New Chamber chairman is focused on Gainesville's job growth


Thomas McIntosh, chairman of the Gainesville Area Chamber of Commerce, said his main goal is to improve the area's economy and create jobs.

Erica Brough/Staff photographer
Published: Sunday, January 30, 2011 at 6:01 a.m.
Last Modified: Friday, January 28, 2011 at 9:39 p.m.

Far from using his new position as a bully pulpit, Thomas McIntosh sees his role as 2011 chairman of the Gainesville Area Chamber of Commerce as keeping the Innovation Gainesville economic development plan on track.

Facts

Thomas McIntosh

Occupation: President, Prudential Trend Realty and Trend Management Solutions

Personal: Married to Jennifer; two daughters, Natalie and Colleen

Dream Partners for Lunch: George Washington and Elvis

Favorite Book: “7 Habits of Highly Successful People” by Stephen Covey

Last Book Read: “Up from Slavery: The Autobiography of Booker T. Washington”

Favorite Movie: “The Godfather”

Playing in his car: Bob Marley's Greatest Hits

Hobbies: Golf, boating

Education: BBA, Georgia State University

New Chamber chairman is focused on Gainesville's job growth

The planning process that started two years ago brought together hundreds of people in business, government, education and nonprofit agencies — creating the kind of dialogue and new partnerships McIntosh said are needed to overcome today's economic woes.

"That is kind of contrary to what is happening politically on a national level, which is getting pushed down to the local level," said McIntosh, a Realtor by trade. "I'm real proud the chamber is swimming in the opposite direction."

The "collaboratory" — as chamber officials have coined the effort — has produced nearly 20 action plans that address various aspects of economic development.

While much of the attention has been on developing the kind of high-tech companies to keep University of Florida graduates in the community through efforts such as UF's Innovation Square, McIntosh said that just scratches the surface. Another effort aims to improve high school graduation rates "to prepare the workforce for the kind of jobs we want."

McIntosh has been involved in job efforts as a board member of FloridaWorks, the workforce agency for Alachua and Bradford counties. He is also active with the local builders association, M&S Bank board and Gainesville Multiple Listings Service.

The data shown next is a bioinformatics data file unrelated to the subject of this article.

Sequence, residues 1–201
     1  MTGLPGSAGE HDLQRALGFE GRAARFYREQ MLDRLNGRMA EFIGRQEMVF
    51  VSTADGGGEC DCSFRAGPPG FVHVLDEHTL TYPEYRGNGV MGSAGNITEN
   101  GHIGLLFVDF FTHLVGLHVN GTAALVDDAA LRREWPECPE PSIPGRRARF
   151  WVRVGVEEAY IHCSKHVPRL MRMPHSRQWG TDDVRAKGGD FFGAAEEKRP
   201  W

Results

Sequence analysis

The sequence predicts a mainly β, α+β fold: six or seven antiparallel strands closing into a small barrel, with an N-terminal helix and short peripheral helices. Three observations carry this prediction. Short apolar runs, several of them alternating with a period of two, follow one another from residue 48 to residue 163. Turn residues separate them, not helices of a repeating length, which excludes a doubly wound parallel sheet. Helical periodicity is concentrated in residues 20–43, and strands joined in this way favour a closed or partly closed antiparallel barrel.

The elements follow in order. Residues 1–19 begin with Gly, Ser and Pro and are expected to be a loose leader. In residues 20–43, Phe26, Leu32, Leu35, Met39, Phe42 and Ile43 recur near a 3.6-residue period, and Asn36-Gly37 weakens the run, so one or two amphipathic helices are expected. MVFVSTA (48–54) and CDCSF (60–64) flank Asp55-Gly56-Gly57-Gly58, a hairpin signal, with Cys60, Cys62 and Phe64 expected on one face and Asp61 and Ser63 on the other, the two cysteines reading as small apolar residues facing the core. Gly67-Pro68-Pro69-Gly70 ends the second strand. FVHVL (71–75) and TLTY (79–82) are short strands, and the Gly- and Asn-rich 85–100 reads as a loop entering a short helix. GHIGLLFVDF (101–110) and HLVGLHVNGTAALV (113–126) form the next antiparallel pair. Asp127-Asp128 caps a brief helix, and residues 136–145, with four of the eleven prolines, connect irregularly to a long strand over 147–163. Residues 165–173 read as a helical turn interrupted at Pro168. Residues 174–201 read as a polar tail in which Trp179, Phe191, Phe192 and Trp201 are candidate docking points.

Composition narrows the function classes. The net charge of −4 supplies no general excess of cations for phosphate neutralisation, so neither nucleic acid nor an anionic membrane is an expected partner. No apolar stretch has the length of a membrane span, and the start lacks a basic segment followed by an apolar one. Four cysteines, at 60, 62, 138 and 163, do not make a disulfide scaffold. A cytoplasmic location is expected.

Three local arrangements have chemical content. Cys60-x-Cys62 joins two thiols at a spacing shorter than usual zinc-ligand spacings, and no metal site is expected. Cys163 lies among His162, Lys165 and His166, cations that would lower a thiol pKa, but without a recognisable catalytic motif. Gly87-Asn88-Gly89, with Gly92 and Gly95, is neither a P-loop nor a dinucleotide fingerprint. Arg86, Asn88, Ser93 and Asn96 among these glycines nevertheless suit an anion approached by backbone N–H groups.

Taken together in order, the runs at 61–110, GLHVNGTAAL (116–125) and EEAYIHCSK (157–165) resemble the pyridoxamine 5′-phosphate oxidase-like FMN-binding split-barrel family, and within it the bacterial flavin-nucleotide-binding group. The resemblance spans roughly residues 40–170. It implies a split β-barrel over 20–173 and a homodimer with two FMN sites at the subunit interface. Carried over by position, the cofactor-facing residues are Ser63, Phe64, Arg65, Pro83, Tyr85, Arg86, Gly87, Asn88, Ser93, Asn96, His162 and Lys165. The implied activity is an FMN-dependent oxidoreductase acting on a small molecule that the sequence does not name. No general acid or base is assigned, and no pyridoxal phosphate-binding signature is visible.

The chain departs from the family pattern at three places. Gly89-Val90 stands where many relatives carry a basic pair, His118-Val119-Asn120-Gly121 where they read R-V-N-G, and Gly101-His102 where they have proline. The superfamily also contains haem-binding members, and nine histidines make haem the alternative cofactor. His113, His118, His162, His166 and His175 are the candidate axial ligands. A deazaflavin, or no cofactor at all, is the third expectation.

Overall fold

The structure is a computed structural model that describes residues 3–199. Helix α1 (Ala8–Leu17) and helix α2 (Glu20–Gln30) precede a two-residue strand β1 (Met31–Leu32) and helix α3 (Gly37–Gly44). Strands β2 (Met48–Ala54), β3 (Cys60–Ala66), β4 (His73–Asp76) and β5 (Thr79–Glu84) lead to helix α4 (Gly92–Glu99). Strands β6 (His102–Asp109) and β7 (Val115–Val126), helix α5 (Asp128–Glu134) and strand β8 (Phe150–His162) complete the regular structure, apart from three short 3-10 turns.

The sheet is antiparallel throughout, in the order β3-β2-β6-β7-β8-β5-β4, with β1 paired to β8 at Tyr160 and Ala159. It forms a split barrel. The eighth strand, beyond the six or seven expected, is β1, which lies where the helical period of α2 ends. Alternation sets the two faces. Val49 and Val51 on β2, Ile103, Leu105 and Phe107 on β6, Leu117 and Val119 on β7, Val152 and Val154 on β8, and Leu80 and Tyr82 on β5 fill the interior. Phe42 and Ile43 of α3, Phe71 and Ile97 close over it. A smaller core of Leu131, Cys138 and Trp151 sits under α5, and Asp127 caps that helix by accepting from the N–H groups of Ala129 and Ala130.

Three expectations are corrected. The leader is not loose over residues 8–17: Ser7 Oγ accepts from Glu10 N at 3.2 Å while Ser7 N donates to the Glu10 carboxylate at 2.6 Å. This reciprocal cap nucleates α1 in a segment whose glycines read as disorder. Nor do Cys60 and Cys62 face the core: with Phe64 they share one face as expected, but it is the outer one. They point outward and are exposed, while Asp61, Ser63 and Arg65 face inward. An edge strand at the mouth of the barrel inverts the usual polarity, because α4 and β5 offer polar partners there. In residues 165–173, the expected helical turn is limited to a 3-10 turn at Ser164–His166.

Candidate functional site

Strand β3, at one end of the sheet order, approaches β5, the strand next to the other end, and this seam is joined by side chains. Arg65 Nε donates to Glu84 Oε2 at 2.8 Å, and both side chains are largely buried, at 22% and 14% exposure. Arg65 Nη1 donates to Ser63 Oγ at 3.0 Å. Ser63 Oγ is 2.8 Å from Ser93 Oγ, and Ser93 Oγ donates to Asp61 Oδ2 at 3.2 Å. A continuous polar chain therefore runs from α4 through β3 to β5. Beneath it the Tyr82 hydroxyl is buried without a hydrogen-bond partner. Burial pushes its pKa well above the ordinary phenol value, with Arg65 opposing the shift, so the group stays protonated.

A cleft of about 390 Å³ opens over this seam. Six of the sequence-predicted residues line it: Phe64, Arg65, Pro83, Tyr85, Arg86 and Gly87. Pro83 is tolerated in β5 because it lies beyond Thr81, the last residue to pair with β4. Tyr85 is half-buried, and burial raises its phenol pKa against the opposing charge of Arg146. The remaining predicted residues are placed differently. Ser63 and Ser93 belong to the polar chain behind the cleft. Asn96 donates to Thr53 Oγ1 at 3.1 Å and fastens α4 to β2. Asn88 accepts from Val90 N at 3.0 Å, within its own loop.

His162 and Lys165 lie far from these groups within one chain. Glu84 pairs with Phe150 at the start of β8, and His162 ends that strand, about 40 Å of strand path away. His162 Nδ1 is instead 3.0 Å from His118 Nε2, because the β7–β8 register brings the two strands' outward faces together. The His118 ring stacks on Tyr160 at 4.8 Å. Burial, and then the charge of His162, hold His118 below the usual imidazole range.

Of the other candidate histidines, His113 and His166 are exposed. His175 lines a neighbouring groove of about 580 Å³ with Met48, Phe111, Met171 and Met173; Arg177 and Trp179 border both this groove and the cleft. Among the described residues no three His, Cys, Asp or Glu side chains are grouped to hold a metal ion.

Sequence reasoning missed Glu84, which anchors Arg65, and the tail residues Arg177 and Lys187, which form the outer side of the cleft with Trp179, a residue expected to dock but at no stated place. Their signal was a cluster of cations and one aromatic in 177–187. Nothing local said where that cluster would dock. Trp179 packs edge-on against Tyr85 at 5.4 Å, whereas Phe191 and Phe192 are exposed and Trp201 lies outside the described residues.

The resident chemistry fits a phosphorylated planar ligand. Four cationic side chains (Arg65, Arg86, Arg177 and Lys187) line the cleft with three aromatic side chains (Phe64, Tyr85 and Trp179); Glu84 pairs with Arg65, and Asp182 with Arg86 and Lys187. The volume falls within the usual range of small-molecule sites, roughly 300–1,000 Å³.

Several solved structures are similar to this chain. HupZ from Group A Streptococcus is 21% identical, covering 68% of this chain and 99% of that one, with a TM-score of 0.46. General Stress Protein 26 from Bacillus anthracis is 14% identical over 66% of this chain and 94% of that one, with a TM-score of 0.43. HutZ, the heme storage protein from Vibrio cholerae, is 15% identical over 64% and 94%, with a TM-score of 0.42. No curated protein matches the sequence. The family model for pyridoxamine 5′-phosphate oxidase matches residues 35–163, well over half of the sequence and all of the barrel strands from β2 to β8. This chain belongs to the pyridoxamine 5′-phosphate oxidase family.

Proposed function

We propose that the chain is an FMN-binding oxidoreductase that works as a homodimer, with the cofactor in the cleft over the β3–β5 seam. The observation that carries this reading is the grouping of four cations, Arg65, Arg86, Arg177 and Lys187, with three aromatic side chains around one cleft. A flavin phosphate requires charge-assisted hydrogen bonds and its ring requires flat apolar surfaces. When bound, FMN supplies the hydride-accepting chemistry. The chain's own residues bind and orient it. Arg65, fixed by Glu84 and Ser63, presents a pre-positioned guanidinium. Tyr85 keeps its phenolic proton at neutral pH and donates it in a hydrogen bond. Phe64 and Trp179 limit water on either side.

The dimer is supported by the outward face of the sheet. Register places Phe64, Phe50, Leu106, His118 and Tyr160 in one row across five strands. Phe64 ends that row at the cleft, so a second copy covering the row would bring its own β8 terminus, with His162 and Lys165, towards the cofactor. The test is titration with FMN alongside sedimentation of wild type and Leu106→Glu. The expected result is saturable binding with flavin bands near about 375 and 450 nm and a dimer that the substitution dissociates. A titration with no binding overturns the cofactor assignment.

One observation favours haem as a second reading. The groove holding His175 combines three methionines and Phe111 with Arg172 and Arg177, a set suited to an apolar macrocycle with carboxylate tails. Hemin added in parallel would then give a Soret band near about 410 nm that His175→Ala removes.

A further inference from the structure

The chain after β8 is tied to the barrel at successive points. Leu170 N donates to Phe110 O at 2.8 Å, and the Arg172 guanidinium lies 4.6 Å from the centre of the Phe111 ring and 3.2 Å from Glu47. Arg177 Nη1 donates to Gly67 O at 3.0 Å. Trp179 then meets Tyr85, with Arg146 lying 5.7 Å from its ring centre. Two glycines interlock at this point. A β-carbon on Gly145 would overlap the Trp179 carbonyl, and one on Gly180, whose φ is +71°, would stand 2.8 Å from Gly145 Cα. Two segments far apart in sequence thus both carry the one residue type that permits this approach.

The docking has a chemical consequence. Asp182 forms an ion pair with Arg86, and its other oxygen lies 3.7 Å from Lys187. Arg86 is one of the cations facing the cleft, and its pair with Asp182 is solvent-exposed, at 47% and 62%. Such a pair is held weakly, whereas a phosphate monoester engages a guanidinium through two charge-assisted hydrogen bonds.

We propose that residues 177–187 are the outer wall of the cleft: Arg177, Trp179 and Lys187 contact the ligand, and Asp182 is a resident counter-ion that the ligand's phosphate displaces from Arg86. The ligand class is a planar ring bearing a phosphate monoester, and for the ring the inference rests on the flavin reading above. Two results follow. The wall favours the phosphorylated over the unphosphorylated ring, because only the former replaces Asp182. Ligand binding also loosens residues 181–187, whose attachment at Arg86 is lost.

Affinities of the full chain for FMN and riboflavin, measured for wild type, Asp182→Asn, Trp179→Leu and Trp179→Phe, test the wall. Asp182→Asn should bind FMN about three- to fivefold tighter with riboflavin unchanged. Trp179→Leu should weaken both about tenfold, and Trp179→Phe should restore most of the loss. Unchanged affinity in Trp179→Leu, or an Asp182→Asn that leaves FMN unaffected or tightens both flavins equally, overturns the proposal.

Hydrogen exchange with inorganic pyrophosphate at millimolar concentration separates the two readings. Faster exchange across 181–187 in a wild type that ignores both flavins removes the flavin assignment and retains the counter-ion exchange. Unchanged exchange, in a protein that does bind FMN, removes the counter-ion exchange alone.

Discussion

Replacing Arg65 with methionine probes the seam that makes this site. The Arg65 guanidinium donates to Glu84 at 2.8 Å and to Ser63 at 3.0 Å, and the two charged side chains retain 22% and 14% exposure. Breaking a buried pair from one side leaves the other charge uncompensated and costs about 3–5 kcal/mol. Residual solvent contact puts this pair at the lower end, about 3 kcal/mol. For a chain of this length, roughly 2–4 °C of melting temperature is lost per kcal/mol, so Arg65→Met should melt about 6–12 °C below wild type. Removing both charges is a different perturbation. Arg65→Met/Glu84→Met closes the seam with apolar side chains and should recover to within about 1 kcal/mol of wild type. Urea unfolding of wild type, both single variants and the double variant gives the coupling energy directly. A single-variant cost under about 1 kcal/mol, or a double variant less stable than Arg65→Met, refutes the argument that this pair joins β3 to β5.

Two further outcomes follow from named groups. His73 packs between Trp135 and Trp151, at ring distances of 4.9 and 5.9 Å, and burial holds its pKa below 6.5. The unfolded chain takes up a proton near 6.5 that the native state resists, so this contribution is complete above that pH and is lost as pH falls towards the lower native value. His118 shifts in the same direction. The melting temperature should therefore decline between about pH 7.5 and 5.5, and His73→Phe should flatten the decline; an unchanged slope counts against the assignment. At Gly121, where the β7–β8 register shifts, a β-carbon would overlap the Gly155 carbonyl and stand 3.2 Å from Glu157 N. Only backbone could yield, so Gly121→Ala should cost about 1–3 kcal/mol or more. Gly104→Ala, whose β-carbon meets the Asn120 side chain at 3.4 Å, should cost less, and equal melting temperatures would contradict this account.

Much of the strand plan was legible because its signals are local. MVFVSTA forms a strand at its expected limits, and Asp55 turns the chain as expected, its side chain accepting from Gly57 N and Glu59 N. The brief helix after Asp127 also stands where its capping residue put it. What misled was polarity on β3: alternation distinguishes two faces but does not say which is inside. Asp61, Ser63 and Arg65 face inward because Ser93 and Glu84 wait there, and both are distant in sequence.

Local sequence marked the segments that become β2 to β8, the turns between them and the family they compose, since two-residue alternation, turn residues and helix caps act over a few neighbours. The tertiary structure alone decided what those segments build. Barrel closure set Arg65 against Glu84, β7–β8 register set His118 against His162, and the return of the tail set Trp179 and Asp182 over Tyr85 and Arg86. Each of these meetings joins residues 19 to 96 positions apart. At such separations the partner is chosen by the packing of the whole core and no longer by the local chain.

The common denominator with each is an interest in improving Gainesville's economy.

He recalls that when the Council for Economic Outreach — the economic development arm of the chamber — was formed in the early 1990s, former Gainesville Sun Publisher John Fitzwater said of local businesses that all ships rise with the tide.

Ever since, he said, "I've had an interest in how do we help all ships rise with the Gainesville tide."

"I'm a big fan of small businesses and local businesses because that's where job growth is."

McIntosh was installed as the chairman Thursday at the chamber's annual banquet, taking over for Eric Godet of Godet Industries International.

He said he will bring his pragmatic approach to solving problems to the chamber.

"I'm not the smartest guy in the room, and I'm not the best personality in the room ... I believe that if we can just keep talking to each other long enough, put all of our differences aside and let's figure out where we can find some common ground, then we can start to build."

McIntosh was working for a decorative light manufacturer in Lawrenceville, Ga., when he and his wife, Jennifer, decided to return to her hometown. He soon joined his in-laws, Ed and Jan Baur, in the family real estate business.

Baur and Trendy Realty — founded in 1973 by George Kirkpatrick and Betsy Whitaker — merged in the early 1990s, and McIntosh became managing partner in 1994 before buying out three other partners' interests over the years. After merging with several other smaller realty firms, he now leads 70 Prudential Trend Realty associates in Gainesville and High Springs, and a property management company with 45 community associations and 900 rental properties.

Reader comments posted to this article may be published in our print edition. All rights reserved. This copyrighted material may not be re-published without permission. Links are encouraged.

▲ Return to Top